Users provide insights on lens removal with 'kinder, gentler' AquaLase

October 16, 2005

Cataract surgeons experienced with the AquaLase platform of the Infiniti Vision system (Alcon Laboratories) agree that it offers multiple advantages that make it leading technology for small incision lens removal in properly selected patients.

Chicago-Cataract surgeons experienced with the AquaLase platform of the Infiniti Vision system (Alcon Laboratories) agree that it offers multiple advantages that make it leading technology for small incision lens removal in properly selected patients.

The surgeons discussed their case selection criteria, techniques for lens removal using AquaLase, and outcomes at an Alcon-sponsored AquaLase Users Roundtable.

Robert Lehmann, MD, Nacogdoches, TX, who served as the moderator, summed up AquaLase as providing a “kinder, gentler method for lens removal.”

“When I was first introduced to this technology, I embraced it because of its potential safety advantages. AquaLase allows lens removal without thermal issues and with less potential damage to the endothelium and posterior capsule, and the postop results are incredible. I use it routinely in patients with up to a grade 2+ cataract and I consider it a top-shelf procedure for my patients who are undergoing refractive lens exchange. These latter individuals have extremely high expectations, and this technology is delivering the satisfaction I am looking for,” he said.

The participants discussed parameters for selecting patients who will benefit from the potential advantages of the AquaLase procedure. Age and nuclear density are the primary factors as AquaLase is generally best suited for surgery in eyes with softer nuclei versus more moderate to dense cataracts, they said.

Age cutoffs for various roundtable participants ranged from 65 to 75 years old and most limited this technique to patients with a cataract density up to 2+, although some surgeons noted they use AquaLase to remove harder lenses. Notably, the participants agreed that age, overall, may be a better criterion for AquaLase patient selection than density since the latter feature can not always be judged accurately by appearance at the slit lamp.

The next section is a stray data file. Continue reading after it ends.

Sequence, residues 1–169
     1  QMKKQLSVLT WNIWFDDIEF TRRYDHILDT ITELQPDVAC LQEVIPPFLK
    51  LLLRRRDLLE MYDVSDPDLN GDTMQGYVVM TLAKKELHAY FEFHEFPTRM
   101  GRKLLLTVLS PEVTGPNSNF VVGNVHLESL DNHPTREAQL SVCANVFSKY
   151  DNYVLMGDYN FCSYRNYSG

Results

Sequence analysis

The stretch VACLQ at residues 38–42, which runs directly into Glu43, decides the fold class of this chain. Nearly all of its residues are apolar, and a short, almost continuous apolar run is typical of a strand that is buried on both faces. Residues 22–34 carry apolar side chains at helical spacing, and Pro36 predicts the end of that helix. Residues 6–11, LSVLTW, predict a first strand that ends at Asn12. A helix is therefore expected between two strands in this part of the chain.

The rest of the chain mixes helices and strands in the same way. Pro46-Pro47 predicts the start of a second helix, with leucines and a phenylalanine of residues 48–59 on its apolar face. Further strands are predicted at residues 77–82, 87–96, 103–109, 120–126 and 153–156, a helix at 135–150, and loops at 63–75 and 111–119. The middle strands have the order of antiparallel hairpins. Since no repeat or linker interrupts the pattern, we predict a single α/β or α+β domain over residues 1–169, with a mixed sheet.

Since its introduction, there has been an evolution in the AquaLase lens removal technique. Currently, most participants in the discussion favored a prechop technique that allows highly efficient cataract removal. However, Jing Dong, MD, PhD, Athens, GA, described his “back crack” technique, which he says in his hands is slightly more efficient than prechop and helpful with slightly harder nuclei. Its advantages include safety-no sharp instruments are needed; efficiency-there is no need to change instruments; and absence of a learning curve-the technique is the same as that used in phaco, Dr. Dong said.

With its efficiency and stable fluidics, AquaLase has the potential to minimize endothelial cell loss when performed in appropriately selected patients. Rolando Toyos, MD, Jackson, TN, presented supporting data for that concept from a study he performed. Dr. Toyos found that in patients aged 70 years old and younger, the average endothelial cell loss rate after an AquaLase procedure was 3% to 4%, which was lower than the 10% rate found in patients within the same age group who had ultrasound phacoemulsfication. Among patients in their 70s, there was less difference between the two technologies, and for those older than age 80, ultrasound was a faster procedure and associated with less endothelial cell loss, he reported.

The AquaLase procedure is also very friendly to the posterior capsule, but another of its potential advantages is that it can be used to “power wash” lens epithelial cells. Therefore, it is being looked to for its potential to reduce posterior capsule opacification (PCO). Since long-term follow-up is needed to characterize any benefit for AquaLase surgery in reducing PCO rates, Dr. Toyos used a pediatric cataract case as a study model to investigate this issue.

He reported having performed AquaLase in one eye and phacoemulsification contralaterally in a child undergoing bilateral cataract surgery. After 1 year, the posterior capsule in the AquaLase eye remained clear whereas Nd:YAG laser capsulotomy had already been performed in the fellow eye.

“Preservation of the corneal endothelium and maintenance of a clear posterior capsule are important considerations as lens removal surgery is being performed more and more as a refractive procedure in younger patients,” Dr. Toyos noted.

In studies he performed in the laboratory, Dr. Toyos also found that it was possible to re-enter the eye with the AquaLase handpiece to remove retained nuclear fragments without causing damage to an already implanted IOL.

“Once you have implanted the lens, you cannot go back with the ultrasound handpiece to remove nuclear fragments,” he said.